The US Embassy ‘shelter’ drama: Unraveling the hoax


In a rather peculiar turn of events, Imran Ahmed Bhuiyan, a former Deputy Attorney General (DAG) in Bangladesh, along with his wife and three daughters, chose to spend their Friday at the US Embassy in Dhaka’s Baridhara diplomatic area. Their reason? Imran Bhuiyan claimed to have received threats on social media platforms like Facebook and WhatsApp, prompting him and his family to seek “shelter” at the embassy.

As many news began to circulate with sensationalism in the Bangladesh, Blitz, a reputable newspaper with 20 years of history, initiated its own investigation. Reporters from Blitz reached out to various sources in Washington DC, including the US Capitol, to gain a better understanding of the situation. Upon hearing about the DAG and his family seeking refuge at the US Embassy, it became evident to us that this was likely nothing more than a ploy orchestrated by the ousted DAG to tarnish the image of Bangladesh, particularly its ruling Awami League.

We placed two questions with the competent authorities and wanted to know – does the US embassy provide shelter to any foreign national? In reply we were told, “No, the US Embassy does not provide shelter to foreign nationals. Embassies and consulates primarily serve as diplomatic missions to represent their home country’s interests in the host country. While they can provide various services to their own citizens, such as assistance during emergencies, issuing visas, and notarizing documents, they do not typically offer shelter or refuge to foreign nationals, except in rare and specific cases related to diplomatic matters or international agreements. Seeking asylum or refuge in a foreign embassy is generally not a recognized or accepted practice”.

Then we asked – has the US Embassy granted shelter to any foreign national anywhere in the world?

The reply was, “The practice of a US Embassy granting shelter or refuge to a foreign national is exceedingly rare and typically occurs in highly unusual circumstances. In such cases, it would likely involve individuals with a direct connection to the United States, such as embassy staff or individuals with a strong and well-founded fear of persecution.

“One well-known example of a US Embassy providing shelter to a foreign national occurred in 1979 during the Iran hostage crisis. Several American citizens working at the US Embassy in Tehran were taken hostage by Iranian militants. In response, the Canadian Embassy in Tehran provided shelter to six American diplomats who had managed to escape the embassy during the takeover. The Canadians, with the assistance of the US government, ultimately helped these American diplomats leave Iran.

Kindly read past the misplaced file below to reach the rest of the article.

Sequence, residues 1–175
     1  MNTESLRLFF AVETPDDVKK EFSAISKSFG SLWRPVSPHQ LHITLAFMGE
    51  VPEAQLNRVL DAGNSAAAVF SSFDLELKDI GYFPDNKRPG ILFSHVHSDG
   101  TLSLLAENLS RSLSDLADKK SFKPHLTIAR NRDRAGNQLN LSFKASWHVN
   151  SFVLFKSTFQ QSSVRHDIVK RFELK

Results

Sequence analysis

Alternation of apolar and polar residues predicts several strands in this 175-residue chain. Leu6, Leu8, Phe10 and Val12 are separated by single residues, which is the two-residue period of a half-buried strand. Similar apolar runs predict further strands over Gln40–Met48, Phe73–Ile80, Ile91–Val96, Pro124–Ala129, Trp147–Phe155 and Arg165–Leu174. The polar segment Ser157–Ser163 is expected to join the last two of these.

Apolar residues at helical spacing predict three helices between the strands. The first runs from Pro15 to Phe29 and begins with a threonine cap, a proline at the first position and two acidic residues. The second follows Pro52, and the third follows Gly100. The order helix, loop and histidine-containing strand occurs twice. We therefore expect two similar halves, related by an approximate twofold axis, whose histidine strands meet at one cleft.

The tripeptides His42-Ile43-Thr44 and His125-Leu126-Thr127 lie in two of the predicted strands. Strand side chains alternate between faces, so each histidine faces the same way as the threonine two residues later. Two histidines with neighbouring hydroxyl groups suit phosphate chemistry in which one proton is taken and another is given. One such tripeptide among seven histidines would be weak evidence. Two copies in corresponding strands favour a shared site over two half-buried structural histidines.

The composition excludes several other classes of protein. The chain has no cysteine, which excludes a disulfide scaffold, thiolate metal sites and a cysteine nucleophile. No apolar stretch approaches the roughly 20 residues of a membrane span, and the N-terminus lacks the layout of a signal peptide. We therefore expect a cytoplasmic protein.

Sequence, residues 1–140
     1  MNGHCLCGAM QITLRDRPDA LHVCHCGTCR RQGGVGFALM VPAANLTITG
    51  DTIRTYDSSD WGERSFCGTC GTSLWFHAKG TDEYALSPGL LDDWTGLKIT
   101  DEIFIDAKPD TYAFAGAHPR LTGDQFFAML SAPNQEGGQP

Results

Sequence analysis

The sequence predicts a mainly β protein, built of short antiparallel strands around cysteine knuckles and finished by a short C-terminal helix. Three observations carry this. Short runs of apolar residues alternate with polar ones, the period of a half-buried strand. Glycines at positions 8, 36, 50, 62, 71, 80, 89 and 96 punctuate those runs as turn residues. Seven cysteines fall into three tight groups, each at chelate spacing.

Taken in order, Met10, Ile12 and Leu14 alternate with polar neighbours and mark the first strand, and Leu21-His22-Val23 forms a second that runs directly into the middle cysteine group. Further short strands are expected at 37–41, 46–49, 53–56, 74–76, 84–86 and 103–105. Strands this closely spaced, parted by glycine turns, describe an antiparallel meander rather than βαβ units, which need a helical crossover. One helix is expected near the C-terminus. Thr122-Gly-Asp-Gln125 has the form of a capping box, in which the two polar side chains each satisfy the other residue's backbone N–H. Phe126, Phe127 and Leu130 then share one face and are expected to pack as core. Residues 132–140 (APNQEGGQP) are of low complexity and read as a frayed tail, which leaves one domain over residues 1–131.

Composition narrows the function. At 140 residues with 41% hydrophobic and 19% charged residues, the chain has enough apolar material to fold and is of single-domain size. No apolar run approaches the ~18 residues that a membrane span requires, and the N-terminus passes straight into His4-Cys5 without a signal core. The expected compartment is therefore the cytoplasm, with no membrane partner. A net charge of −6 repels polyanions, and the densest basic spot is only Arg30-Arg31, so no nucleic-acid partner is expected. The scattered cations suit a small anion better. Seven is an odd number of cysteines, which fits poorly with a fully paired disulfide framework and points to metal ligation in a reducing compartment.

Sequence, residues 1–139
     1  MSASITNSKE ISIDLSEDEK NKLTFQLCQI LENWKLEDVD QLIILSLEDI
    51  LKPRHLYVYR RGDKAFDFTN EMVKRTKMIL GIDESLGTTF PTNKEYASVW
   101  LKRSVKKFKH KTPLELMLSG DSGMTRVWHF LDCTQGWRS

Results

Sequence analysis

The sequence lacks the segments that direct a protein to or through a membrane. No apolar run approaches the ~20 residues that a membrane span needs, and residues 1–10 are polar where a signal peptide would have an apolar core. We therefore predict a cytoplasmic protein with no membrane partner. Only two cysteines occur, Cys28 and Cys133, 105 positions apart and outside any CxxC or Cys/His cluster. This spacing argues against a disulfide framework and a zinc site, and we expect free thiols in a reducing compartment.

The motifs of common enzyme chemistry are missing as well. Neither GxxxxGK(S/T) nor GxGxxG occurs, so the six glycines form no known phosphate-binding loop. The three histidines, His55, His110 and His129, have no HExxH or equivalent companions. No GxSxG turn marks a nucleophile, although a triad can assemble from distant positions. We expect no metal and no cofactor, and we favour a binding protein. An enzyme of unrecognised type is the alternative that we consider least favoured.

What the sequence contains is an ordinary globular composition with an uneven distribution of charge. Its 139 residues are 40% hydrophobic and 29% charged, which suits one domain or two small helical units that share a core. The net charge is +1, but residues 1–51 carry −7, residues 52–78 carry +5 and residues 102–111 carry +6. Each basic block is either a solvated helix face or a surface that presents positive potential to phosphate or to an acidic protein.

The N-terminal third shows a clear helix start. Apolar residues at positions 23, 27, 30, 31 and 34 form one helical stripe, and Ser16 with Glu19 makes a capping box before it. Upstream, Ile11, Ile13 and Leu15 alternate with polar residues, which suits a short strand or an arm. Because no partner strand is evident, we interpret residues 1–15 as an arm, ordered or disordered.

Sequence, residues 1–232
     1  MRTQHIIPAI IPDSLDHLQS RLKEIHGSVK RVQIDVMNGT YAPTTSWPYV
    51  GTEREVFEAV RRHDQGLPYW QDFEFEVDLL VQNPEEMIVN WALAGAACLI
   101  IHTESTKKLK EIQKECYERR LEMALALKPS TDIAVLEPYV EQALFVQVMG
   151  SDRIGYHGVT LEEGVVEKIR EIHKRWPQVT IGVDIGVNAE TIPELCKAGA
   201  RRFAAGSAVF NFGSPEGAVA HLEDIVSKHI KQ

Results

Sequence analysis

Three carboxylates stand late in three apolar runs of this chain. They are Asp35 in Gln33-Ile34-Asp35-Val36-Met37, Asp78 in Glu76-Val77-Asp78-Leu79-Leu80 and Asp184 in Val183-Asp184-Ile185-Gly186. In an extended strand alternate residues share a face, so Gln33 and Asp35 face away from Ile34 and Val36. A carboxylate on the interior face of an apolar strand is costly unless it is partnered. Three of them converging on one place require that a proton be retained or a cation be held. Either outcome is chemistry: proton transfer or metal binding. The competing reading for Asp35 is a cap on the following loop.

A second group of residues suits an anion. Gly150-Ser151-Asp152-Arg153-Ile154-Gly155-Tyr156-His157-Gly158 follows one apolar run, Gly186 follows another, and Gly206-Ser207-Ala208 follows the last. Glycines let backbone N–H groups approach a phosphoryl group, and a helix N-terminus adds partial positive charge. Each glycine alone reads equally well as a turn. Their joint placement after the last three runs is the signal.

“However, granting shelter in such circumstances is an exception rather than the rule, and embassies generally do not serve as a refuge for foreign nationals. People seeking asylum or protection typically need to follow established legal processes within the host country or seek assistance through international organizations like the United Nations High Commissioner for Refugees (UNHCR)”.

It should be noted that as a legal officer of the country, Imran Ahmed Bhuiyan was well aware that American embassies worldwide do not provide shelter to foreign nationals. Furthermore, there was scant evidence to suggest any real threats to his life. One may question his motives in seeking refuge at the US Embassy, especially since expressing support for Nobel Prize laureate Muhammad Yunus should not lead to any legal repercussions. The only scenario where DAG Imran might have reason to fear legal action is if he had committed crimes, financial or otherwise, during his tenure or engaged in money laundering abroad. So, the question remains: Why did DAG Imran fear legal consequences or arrest when there were no pending cases against him?

DAG Imran spent approximately four and a half hours within the US Embassy compound, continuously insisting that his life was in danger. The question then arises: Who exactly threatened him? Since he claimed the threats came from Facebook and WhatsApp, it should not be overly challenging for the country’s law enforcement agencies to identify the individuals or entities behind these threats.

According to the latest reports, Imran Ahmed Bhuiyan, the sacked Deputy Attorney General who sought refuge at the US Embassy with his family, has now returned to his residence in Lalmatia, Dhaka, under police protection. The government has assured the embassy that there are no plans to arrest him, and embassy officials relayed this information to Imran, ultimately leading to his decision to return home.

Given Imran Ahmed Bhuiyan’s statements, which initially revolved around his fear of arrest but later shifted to assurance from both the government and embassy officials, one must wonder whether this entire episode was nothing more than an attempt to gain media attention through a childish hoax and a cheap publicity stunt. It is crucial that Imran Ahmed Bhuiyan reveals the identity of the party or individual who advised him to engage in this far-fetched drama. Additionally, he should clarify why he feared arrest when there were no charges against him in Bangladesh.

It is our hope that, now that the government has removed Imran Ahmed Bhuiyan from his position, appropriate measures will be taken to safeguard him from any potential threats. In this regard, Imran Ahmed Bhuiyan should cooperate by disclosing details of those who allegedly threatened him on social media. The protection of him and his family is indeed the responsibility of the state.

In summary, the incident involving the US Embassy “shelter” drama appears to be nothing more than a perplexing episode that warrants closer scrutiny and clarification from Imran Ahmed Bhuiyan himself.


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